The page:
I wouldn't second guess their motives, if they've gone indoors and are quietly seething then that really is their problem.

Mikethenight2good Wed 10-Jun-20 11:10:39

You have my every sympathy. My kids are loud...I swear my ears are ringing by the end of the day..I only bring them in when they are fighting.

I agree with previous poster. Cut them some slack particularly in lockdown.

Now go chuck them outside and enjoy a cup of tea in peace smile

BillysMyBunny Wed 10-Jun-20 11:12:52

Some people can’t relax in their gardens if there’s a lot of noise or chatter (whether from children or adults) going on in neighbouring houses. Personally I’m not keen on sitting outside if there’s noise going on around me, even if the noise is perfectly reasonable and not at a high volume. If I’m trying to read for example I just find I cannot concentrate. It’s likely I would decide to go inside if I was sat out in the quiet and neighbours who were chattering came out to their garden as I like peace and quiet. That doesn’t mean I think it’s unreasonable for anybody to be anything but silent in their gardens, just that I’d often rather go and do something indoors to avoid it.

If your sons are not shouting/ screaming and you’re out there with them to help them learn to control their volume then YANBU and you don’t need to feel guilty, but your neighbours are also reasonable to take your kids coming out as their cue to go and do something else indoors.

MereDintofPandiculation Wed 10-Jun-20 11:15:33

If they want to be passive aggressive Seriously? That's not passive aggressive, that's saying "I accept my neighbours' children's right to play in their garden but I do not enjoy the noise so I will go inside". Just as I work at the opposite end of the garden from my neighbour's children.

cstaff Wed 10-Jun-20 11:32:23

If they choose to go inside that is their choice. They haven't complained about your kids as they know that this would be unreasonable. None of this is your problem so let your kids enjoy the garden.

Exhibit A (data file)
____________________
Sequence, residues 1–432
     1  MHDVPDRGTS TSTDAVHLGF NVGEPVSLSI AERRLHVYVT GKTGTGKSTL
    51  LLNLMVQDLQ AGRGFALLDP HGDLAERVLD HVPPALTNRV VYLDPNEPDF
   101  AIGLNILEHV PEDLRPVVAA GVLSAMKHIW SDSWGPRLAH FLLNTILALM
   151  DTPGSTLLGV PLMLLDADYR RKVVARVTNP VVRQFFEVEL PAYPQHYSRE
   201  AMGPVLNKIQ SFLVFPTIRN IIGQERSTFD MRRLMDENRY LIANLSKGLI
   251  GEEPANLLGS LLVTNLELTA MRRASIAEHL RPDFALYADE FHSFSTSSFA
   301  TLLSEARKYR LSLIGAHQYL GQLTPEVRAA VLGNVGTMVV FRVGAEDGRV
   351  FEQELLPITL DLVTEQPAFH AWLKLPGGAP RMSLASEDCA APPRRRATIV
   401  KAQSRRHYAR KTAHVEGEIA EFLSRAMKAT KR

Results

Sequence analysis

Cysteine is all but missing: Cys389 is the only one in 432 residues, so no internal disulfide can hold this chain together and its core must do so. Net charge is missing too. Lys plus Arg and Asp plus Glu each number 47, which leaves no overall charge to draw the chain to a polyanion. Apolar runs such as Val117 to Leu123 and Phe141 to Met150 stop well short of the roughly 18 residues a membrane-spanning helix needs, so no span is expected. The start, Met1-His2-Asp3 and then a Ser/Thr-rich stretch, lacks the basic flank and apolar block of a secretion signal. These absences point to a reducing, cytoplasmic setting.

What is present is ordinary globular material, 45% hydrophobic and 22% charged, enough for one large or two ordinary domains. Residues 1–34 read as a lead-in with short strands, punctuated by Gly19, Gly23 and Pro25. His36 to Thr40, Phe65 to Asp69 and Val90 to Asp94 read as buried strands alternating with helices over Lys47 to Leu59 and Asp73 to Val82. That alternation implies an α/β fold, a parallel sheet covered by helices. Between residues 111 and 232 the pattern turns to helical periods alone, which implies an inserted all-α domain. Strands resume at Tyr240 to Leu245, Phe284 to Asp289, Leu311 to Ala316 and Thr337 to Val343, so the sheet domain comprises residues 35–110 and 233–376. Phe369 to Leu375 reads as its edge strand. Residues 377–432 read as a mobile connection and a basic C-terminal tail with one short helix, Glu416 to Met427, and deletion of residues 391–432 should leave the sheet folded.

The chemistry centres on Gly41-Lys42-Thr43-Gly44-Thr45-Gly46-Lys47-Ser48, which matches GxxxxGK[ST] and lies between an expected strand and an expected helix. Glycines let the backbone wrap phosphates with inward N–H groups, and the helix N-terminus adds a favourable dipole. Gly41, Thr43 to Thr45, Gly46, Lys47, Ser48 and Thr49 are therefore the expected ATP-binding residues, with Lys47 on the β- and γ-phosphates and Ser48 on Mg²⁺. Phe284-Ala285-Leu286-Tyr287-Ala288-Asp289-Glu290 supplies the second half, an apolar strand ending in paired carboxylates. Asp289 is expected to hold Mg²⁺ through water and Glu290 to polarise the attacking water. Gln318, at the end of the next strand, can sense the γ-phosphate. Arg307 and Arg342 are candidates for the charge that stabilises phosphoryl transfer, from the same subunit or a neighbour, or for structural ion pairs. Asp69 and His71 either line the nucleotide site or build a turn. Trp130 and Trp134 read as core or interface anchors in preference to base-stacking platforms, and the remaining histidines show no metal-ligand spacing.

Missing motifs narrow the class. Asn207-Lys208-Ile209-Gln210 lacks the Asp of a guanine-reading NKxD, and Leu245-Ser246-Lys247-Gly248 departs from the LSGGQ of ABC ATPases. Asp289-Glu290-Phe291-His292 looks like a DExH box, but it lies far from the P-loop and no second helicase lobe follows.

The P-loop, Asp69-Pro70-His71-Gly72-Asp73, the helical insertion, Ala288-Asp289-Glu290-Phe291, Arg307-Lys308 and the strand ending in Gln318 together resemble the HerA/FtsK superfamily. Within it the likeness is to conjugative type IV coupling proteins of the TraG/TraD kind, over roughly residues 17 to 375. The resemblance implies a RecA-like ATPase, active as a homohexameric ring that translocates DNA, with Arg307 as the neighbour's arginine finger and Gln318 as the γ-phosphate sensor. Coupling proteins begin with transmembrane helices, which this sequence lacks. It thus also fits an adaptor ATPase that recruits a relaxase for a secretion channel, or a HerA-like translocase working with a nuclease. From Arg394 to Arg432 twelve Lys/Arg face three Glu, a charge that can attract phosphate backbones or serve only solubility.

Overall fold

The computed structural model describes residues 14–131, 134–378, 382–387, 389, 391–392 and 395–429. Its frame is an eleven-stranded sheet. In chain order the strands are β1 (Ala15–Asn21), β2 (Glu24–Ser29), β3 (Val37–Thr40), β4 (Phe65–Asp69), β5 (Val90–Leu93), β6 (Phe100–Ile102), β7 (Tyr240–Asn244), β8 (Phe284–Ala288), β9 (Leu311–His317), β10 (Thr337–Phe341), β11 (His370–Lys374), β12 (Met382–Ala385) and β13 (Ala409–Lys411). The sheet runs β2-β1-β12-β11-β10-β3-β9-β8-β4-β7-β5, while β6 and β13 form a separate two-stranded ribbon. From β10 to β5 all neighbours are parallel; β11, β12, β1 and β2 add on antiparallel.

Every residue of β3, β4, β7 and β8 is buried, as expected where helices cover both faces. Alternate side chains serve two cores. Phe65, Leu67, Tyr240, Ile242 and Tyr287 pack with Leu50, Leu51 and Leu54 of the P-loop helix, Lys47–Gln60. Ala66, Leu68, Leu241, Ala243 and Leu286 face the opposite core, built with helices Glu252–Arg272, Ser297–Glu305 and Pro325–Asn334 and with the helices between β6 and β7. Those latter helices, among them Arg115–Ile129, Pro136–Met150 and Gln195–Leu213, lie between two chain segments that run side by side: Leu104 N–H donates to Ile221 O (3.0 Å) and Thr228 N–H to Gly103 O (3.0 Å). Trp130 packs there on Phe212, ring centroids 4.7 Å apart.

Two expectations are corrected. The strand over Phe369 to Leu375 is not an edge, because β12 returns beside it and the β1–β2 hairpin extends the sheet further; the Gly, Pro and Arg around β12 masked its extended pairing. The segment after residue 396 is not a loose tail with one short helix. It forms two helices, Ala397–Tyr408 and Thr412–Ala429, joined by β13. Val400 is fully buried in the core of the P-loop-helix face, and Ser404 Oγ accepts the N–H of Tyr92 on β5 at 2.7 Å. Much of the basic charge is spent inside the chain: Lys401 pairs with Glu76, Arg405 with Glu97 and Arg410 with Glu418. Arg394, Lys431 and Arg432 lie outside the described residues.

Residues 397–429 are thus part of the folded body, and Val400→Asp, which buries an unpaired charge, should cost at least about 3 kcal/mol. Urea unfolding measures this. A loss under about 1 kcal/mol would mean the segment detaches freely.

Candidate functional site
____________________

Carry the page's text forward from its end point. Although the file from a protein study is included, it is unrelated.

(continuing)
YetAnotherSpartacus Wed 10-Jun-20 11:32:33

If they want to be passive aggressive, that says more about them

Why is it passive-aggressive? Maybe they just don't like the fucking noise. What are they supposed to do? Stay outside so the OP feels 'comfortable in her own garden' even if they are not comfortable in theirs and would prefer to be inside away from the noise?

blue25 Wed 10-Jun-20 11:35:10

Children playing outside is not a lovely sound to everyone. What a strange thing to write.

They’re obviously being loud & annoying, so tell them to play quietly. Children don’t need to shout, scream etc.

Bluntness100 Wed 10-Jun-20 11:39:45

I think there is a balance to be had. Normal noises of kids playing is fine and should be allowed to continue, but if it’s constant shouting at the top of their lungs and screaming then I don’t see this as any different to an adult doing it. And it’s a good lesson to teach your child about normal levels of acceptable noise and respect for others. They will be expected to do it as adults.

letmethinkaboutitfornow Wed 10-Jun-20 11:43:25

Wewearpinkonwednesdays

Well if you know yourself they are "so loud" then yes, you should control them more and tell them to keep it down. I also have 2 boys and I'm a childminder but I wouldn't allow any of the children to go out and shout and scream at each other, lockdown or not.

This OP!
You should ensure they are not screaming and shouting all the time when they are out.
It’s called being considerate!

nicky7654 Wed 10-Jun-20 11:45:59

My next door neighbours Grandchild who is 3 i/2 screams constantly. It is so high pitched it makes me cringe! It is constant and not one of them tell him to stop! Laughing and giggling is lovely to hear but not constant screaming. Definitely not acceptable.

plunkplunkfizz Wed 10-Jun-20 11:47:29